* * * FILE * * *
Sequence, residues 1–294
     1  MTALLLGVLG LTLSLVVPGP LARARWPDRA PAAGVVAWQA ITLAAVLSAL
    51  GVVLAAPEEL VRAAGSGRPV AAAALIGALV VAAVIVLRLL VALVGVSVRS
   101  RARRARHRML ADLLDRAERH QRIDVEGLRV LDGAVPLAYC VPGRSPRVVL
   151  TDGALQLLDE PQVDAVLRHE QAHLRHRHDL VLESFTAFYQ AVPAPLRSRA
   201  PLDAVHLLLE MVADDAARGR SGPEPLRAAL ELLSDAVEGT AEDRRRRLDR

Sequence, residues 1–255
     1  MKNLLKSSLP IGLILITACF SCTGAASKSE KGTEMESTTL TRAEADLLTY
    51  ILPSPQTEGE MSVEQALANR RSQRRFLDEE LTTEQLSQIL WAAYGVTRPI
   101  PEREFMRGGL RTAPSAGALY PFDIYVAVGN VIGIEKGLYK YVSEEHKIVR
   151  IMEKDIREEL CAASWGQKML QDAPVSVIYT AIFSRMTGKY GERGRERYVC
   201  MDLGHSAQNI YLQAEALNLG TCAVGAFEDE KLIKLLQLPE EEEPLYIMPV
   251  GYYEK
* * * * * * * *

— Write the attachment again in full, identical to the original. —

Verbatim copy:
Sequence, residues 1–294
     1  MTALLLGVLG LTLSLVVPGP LARARWPDRA PAAGVVAWQA ITLAAVLSAL
    51  GVVLAAPEEL VRAAGSGRPV AAAALIGALV VAAVIVLRLL VALVGVSVRS
   101  RARRARHRML ADLLDRAERH QRIDVEGLRV LDGAVPLAYC VPGRSPRVVL
   151  TDGALQLLDE PQVDAVLRHE QAHLRHRHDL VLESFTAFYQ AVPAPLRSRA
   201  PLDAVHLLLE MVADDAARGR SGPEPLRAAL ELLSDAVEGT AEDRRRRLDR

Sequence, residues 1–255
     1  MKNLLKSSLP IGLILITACF SCTGAASKSE KGTEMESTTL TRAEADLLTY
    51  ILPSPQTEGE MSVEQALANR RSQRRFLDEE LTTEQLSQIL WAAYGVTRPI
   101  PEREFMRGGL RTAPSAGALY PFDIYVAVGN VIGIEKGLYK YVSEEHKIVR
   151  IMEKDIREEL CAASWGQKML QDAPVSVIYT AIFSRMTGKY GERGRERYVC
   201  MDLGHSAQNI YLQAEALNLG TCAVGAFEDE KLIKLLQLPE EEEPLYIMPV
   251  GYYEK